Archive for Positioning

Brand new lock

Posted in Advertising, Brand, India with tags , on May 14, 2008 by manuscrypts

We’ve seen Vodafone going through a massive exercise, we recently saw Ceat going through a painful exercise, and softly, quietly, like the brand its always been, Godrej has unveiled its new look recently.

Godrej, for me, has been about locks. That’s the product in which I’ve seen the logo the maximum number of times. Although Cinthol happened to come a close second. (Cinthol has also gone in for an entire rebranding exrecise, about which i wrote earlier.) The Godrej TVC is decently executed, with the brand shown as shaking off a stern fuddy duddy image and moving onto a more ‘likeable’ and trendy avtar. The total spend on this exercise seems to be in the tune of Rs.30 crore. But are they making better locks now might be a badly timed question, i guess.

I’ve always wondered about the kind of money that brands spend on such exercises. The attempt is obviously to change the perception about itself in the consumer’s mindspace. But how much care do they take to ensure that the attitude change percolates down to the lowest level, and specifically the departments that interface with the customer? And as a customer, do i really expect the Vodafone employee to suddenly become chirpier and more pleasing in their interactions after their new customer care ads? The other point is that I rarely have that interaction because i can do all the things that needs to be done through the net. Similar is the case, with say, financial products.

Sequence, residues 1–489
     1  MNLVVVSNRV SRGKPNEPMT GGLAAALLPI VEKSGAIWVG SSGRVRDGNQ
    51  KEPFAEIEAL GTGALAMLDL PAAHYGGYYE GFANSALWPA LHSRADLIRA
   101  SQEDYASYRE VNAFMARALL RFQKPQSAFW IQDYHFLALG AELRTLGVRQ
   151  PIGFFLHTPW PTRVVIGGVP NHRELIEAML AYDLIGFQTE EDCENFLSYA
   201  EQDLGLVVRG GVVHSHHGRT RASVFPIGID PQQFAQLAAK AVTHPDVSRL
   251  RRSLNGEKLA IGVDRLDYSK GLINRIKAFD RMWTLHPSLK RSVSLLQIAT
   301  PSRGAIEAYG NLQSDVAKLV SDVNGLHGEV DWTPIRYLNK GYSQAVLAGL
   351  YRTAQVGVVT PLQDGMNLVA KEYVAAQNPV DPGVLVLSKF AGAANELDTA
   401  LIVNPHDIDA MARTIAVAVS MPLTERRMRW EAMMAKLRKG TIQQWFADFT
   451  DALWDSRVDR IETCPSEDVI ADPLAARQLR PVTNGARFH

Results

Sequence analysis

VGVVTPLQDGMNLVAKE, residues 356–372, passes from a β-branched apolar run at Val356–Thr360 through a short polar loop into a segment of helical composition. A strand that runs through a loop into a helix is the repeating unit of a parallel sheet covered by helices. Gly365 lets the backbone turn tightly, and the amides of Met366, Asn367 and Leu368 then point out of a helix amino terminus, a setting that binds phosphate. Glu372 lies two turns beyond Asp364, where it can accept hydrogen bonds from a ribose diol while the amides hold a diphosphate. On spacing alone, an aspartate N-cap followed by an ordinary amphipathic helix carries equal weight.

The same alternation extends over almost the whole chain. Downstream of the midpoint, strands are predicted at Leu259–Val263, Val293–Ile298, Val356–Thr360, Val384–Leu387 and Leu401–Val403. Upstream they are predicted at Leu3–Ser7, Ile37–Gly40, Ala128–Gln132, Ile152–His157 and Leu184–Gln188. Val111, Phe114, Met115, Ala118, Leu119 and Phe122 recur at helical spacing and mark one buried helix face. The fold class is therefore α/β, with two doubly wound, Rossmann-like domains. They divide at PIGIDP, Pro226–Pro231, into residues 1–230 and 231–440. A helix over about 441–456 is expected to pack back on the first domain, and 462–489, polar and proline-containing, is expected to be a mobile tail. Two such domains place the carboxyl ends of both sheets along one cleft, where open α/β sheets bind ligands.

When i see a Shoppers Stop, a Megamart, all changing their colors/looks/shapes and going for a complete overhaul, and spending massive amounts of money and energy on these efforts, I always wonder whether the end customer really cares about it at all. Is ‘rebranding’ an exercise that’s done when brands get tired of the % off, new schemes and other tacticals and have no more stories to keep themselves relevant in the mind of the consumer? More importantly, in a constantly changing landscape, where one wrong YouTube video can wreck your brand’s image , should you be putting such a lot of eggs in one basket? Shouldn’t the focus be on customer touchpoints, be it real or virtual?

until next time, kuch to log kahenge, logo ka kaam hai kehna 🙂

Born tough, but advertising ruined me

Posted in Advertising, Brand, India with tags , on May 12, 2008 by manuscrypts

Change. Thats exactly what I’d like those Ceat guys to do about their campaign. After their TVC started airing, it took me this post to understand exactly what they meant by the ad, because I was too busy trying to figure out what was happening to notice the logo change. Also happened to see more from the same family like this, this, and this. Just because change is a constant does it mean you have to force it to happen? Couldn’t see anything wrong with a positioning like ‘Born Tough’, unless of course they either hired a new marketing head or a new agency, who, by now would wish they had the original rhino’s thick skin judging by the reviews I’m reading online.

I wish someone could’ve explained by now what exactly has changed and why, because if i happen to see that guy on the road, I just might dip my hand into the wallet and offer him some….. change. I wonder why they didn’t tie up with TOI for their Chennai launch, after all the campaign said ‘Next Change’. The possibilities just go on – the guy sitting on a beach and the super going ‘Sea Change’, CEAT changing the model, and the old guy walking with a tee saying ‘Ex-change’, and so on.